Listening Skill Activities for Auditory Learners

Auditory learners are those who learn by listening. These kids love music. They love to be read to and will talk to you non-stop about anything under the sun. Au Pairs can often relate well to the children through music, as it is a universal language, and reading children’s books is a great way for your Au Pair to improve her English speaking skills.

For more information about Go Au Pair and a cultural child care experience for your family, visit or contact LAR Joan Lowell in the Providence, RI and surrounding areas at or 401.309.1925.

For auditory learners

Talk to your child all the time. Tell her about an interesting story you read in the newspaper. Describe a conversation you had at work with your boss. When you go shopping for clothes, tell her about the shopping trips that you used to take with your mom. Get in the habit of narrating everyday chores. If you’re in the kitchen together while you’re making dinner, for example, you can say, “I need to measure out a cup of water and put it on the stove. When it boils, I need to add the bouillon cube…” It may not seem as if your child is paying attention — but she is. Don’t be surprised if you hear her repeating something you said when she talks to someone else. And remember: Children are natural mimics, so watch your language!

Make reading an interactive activity. When reading a book to your child, stop before turning the page and say, “What do you think will happen next?” Ask her to explain her answer to see how well she’s listened to what you’ve read so far. If she seems unsure about what happened, start again.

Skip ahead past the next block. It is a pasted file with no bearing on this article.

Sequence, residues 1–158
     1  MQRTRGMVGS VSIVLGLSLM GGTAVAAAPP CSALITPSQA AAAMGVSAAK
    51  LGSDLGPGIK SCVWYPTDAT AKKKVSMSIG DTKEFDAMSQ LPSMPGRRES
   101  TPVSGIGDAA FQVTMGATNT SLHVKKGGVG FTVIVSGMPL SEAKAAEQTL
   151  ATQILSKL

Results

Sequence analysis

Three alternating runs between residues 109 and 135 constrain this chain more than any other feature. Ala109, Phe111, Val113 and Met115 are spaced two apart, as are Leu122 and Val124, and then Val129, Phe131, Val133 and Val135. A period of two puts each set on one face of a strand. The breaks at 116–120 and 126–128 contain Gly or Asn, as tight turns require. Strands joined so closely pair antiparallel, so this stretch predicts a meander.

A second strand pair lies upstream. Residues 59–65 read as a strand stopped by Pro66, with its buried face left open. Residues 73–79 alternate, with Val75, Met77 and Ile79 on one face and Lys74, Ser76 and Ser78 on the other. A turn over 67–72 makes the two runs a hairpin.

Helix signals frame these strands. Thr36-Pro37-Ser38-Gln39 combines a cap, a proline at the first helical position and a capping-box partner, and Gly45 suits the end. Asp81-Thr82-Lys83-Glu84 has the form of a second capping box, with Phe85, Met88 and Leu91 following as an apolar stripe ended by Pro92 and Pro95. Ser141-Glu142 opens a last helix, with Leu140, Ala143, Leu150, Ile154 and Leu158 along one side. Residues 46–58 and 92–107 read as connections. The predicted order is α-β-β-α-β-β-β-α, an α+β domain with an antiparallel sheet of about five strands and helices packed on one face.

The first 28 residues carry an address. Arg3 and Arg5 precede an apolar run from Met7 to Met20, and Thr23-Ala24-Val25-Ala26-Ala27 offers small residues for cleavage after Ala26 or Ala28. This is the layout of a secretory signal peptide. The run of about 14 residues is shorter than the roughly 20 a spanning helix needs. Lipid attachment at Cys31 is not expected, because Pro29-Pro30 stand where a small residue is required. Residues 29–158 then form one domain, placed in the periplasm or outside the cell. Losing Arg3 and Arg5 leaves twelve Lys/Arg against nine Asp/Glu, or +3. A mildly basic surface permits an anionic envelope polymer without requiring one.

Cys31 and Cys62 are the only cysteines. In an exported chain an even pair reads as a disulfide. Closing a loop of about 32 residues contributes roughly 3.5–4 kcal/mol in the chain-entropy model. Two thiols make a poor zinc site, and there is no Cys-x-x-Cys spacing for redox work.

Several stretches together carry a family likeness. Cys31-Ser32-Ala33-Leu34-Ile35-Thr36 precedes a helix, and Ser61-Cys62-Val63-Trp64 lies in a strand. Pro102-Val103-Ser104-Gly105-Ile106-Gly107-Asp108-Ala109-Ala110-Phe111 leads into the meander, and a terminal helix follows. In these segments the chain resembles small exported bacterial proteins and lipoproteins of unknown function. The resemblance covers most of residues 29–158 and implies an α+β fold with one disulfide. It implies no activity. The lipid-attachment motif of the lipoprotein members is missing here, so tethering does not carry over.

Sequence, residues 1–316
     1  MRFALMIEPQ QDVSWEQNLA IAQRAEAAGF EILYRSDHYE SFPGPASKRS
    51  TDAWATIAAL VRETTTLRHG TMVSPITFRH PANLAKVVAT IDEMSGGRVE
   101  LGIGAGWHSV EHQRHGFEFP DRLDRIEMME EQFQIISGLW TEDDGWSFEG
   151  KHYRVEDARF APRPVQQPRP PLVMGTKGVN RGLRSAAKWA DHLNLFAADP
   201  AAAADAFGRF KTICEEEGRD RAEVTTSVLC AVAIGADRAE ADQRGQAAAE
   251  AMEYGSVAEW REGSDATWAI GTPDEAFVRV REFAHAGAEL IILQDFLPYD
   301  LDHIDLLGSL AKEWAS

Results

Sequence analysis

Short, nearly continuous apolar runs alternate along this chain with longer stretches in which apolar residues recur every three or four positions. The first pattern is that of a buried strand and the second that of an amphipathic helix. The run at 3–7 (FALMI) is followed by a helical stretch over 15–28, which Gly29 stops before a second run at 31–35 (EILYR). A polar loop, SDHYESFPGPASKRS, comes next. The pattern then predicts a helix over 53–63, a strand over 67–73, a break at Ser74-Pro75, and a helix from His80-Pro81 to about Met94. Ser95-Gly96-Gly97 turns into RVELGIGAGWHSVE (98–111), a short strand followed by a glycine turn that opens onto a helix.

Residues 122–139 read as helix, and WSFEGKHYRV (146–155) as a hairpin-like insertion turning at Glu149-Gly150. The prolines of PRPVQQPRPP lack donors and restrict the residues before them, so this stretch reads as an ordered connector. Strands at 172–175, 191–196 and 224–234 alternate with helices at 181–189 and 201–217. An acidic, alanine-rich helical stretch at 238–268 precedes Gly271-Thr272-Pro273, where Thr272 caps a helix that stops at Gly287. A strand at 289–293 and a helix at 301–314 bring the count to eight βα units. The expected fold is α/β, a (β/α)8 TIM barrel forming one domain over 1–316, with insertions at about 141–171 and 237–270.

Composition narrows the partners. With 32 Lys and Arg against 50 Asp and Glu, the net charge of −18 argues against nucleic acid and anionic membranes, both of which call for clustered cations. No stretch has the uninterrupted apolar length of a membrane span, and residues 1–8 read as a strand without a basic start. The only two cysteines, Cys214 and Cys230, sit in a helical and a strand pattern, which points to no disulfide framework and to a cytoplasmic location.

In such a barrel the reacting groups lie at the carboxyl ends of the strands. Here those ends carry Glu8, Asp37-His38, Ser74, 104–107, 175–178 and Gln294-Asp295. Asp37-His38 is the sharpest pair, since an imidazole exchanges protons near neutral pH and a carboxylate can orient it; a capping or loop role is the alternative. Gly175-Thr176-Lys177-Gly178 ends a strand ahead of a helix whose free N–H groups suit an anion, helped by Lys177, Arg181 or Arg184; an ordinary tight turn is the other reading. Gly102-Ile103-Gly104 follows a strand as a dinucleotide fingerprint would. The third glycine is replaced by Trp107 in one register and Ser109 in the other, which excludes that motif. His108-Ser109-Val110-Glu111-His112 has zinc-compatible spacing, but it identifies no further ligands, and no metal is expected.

Ask your child to predict how a story will end. Read a book aloud to your child and stop just before the last page. Ask her to guess how the story will turn out, based on what she’s already heard. Then finish the story and discuss the ending with your child. Was her prediction accurate, or was there a surprise ending? If the latter, were there any clues to the ending planted earlier in the story?

Revisit an old favorite. Bring out one of your child’s most dog-eared, battered books and read it aloud yet again, only this time pause at key points to let her supply the words that come next. Or read the story and purposely change key details to see how well your child is paying attention. If she hears something that’s not quite right, she’ll be sure to correct you.

Listen to stories together. We never outgrow our delight at hearing stories told aloud. Libraries, bookstores, and community centers usually have read-aloud story times for young children. Go to fairs and community events at which professional storytellers will be performing. And borrow or buy books on tape for the car or the house.



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